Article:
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I'm currently in a class that uses Spivak's Calculus. Because of (fairly) good explanations and proofs, fun and challenging exercises, and some witty comments he gives occasionally, I really enjoy using this book. The only problem I find, however, is that sometimes I spend far too long on some problems - which means that I'm not able to cover all problems before a test/exam. Strictly in interest of time, is it justified to use the solution manual to go over the solutions to SOME problems (and then reproduce the proofs myself without looking again), or should I work hard on each and every problem that I have the time for (knowing that doing this probably won't allow me to finish all)? Which one is better for gaining mastery of the content?

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    $\begingroup$ I think if you have spent, say, an hour's effort on a problem, it is justified to check the answer. Perhaps just enough lines of it to get you back on the right track, then complete the proof yourself for the rest? It's impossible to do every problem - don't beat yourself up for not doing so. Ask your professors - I doubt they ever did every problem in the textbooks themselves. You have to be selective. $\endgroup$ – bounceback Jan 25 at 22:16
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    $\begingroup$ I’d say that it depends on what kind of mastery you aspire to achieve. Being stubborn certainly helps with developing an own style and engaging one’s creativity, but if you want to merely study the contents of mathematics, you will be more efficient if you look up the solutions to the questions you feel you are taking too long to solve. You nevertheless shouldn’t make looing up solutions a habit, that would just lower your threshold of frustration in the long run. If you do both, you will develop a sense for when you’re really stuck and when you’re merely too tired or lazy. I say, experiment … $\endgroup$ – k.stm Jan 25 at 22:18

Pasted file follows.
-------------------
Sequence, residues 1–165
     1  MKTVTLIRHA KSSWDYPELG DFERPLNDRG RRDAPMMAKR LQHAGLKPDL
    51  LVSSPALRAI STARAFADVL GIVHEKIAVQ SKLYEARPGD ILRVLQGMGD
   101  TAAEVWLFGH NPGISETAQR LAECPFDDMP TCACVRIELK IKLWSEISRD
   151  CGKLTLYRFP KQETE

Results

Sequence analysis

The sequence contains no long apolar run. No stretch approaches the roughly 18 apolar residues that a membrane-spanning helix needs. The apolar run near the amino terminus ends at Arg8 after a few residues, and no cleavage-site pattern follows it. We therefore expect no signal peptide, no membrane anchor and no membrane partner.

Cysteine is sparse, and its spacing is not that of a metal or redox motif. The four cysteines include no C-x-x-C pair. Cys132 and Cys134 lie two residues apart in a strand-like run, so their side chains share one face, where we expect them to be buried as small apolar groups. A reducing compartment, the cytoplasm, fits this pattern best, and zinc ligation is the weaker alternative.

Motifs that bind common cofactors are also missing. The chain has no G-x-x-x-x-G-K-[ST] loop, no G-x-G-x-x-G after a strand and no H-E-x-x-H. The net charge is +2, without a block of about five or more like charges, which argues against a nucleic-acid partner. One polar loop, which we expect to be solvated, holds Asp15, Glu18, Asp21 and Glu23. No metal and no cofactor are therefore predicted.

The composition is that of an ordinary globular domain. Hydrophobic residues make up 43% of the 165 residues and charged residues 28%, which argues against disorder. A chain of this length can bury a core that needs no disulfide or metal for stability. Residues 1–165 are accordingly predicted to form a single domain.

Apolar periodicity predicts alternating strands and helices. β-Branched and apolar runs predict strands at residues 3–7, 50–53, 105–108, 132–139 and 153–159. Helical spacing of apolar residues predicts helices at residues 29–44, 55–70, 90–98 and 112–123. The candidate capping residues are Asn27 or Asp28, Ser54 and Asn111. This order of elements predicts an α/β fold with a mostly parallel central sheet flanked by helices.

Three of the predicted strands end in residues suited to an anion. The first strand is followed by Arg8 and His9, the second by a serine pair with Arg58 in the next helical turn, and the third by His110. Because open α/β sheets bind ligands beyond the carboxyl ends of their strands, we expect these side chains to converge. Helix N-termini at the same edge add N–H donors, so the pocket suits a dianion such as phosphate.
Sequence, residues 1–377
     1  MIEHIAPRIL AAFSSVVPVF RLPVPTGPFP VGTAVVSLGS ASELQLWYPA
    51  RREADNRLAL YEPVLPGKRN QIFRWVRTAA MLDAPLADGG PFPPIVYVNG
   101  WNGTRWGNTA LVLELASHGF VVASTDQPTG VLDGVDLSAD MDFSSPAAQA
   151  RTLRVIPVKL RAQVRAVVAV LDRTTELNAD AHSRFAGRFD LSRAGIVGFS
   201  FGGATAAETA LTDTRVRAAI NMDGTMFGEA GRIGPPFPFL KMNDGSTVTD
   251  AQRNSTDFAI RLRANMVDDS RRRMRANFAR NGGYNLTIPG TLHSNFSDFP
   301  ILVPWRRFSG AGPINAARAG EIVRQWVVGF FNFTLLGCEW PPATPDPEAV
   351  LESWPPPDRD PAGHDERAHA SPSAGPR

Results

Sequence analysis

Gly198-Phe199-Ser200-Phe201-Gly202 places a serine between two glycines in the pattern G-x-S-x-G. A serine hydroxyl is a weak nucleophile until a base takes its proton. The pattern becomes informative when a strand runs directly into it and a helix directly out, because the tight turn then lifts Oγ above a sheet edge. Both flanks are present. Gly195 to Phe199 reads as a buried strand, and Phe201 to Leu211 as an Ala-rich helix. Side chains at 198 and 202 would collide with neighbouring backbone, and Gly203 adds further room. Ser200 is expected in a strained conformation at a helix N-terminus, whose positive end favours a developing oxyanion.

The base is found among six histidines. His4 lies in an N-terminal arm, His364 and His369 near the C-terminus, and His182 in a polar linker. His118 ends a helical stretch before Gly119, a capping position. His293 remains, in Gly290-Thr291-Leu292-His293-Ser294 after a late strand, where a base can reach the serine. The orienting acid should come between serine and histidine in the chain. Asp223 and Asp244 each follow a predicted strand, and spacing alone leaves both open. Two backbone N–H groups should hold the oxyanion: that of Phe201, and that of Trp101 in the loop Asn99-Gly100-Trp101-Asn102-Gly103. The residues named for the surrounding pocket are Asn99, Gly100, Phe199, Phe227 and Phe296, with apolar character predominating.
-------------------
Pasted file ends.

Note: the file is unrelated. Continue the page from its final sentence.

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This is definitely a question many students face, and has been discussed a bit on this site as well (see this excellent answer). In general, I think it's unwise to try and study and completely understand/come up with a solution to each and every exercise in a book. You should definitely read the solution after struggling for a while (~$1$h) and (re)reading the text, thinking about the exercises. But there might be literally thousands of exercises, and it would take significant effort to come up with all their solutions yourself, hence I think you should not attempt every question, and even in those you do, give up after a while if you cannot solve them. Instead, in textbooks which explicitly mark difficulty level, I would recommend trying $5$ or so from the "basic" questions per section/chapter to make sure you get the basics, $2$ to $3$ from the middle-level question, and $1$ question from the most difficult level. You should see the linked answer for more in depth discussion.

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    $\begingroup$ Also if you do them all, you won't have any left over for when you want to practise some in a few months' time! I think there possibly need to be "too many" questions in the textbook, for that reason. $\endgroup$ – timtfj Jan 26 at 0:04

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